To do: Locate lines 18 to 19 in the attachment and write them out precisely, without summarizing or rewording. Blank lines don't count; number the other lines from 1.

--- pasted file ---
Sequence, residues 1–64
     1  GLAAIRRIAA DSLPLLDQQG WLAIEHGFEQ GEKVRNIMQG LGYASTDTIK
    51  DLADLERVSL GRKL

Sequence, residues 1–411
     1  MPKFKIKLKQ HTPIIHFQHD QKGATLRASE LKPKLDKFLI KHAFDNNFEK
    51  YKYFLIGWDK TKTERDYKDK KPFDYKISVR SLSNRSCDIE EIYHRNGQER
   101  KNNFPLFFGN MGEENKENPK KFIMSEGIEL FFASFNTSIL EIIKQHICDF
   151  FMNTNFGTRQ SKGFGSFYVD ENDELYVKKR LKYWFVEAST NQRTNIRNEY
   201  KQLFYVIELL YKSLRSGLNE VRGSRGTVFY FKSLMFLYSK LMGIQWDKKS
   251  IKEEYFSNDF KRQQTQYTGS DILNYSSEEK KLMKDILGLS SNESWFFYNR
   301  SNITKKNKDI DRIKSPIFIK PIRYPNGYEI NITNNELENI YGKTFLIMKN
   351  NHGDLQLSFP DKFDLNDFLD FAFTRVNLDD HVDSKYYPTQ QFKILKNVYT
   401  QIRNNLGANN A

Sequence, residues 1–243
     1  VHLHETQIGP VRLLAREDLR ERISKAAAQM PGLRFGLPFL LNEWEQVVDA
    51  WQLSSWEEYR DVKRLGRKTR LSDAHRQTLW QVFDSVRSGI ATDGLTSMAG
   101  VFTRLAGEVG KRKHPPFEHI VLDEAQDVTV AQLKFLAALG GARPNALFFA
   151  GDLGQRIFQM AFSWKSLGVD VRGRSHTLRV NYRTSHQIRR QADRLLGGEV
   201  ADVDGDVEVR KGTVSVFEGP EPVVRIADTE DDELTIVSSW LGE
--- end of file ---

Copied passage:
   151  GDLGQRIFQM AFSWKSLGVD VRGRSHTLRV NYRTSHQIRR QADRLLGGEV
   201  ADVDGDVEVR KGTVSVFEGP EPVVRIADTE DDELTIVSSW LGE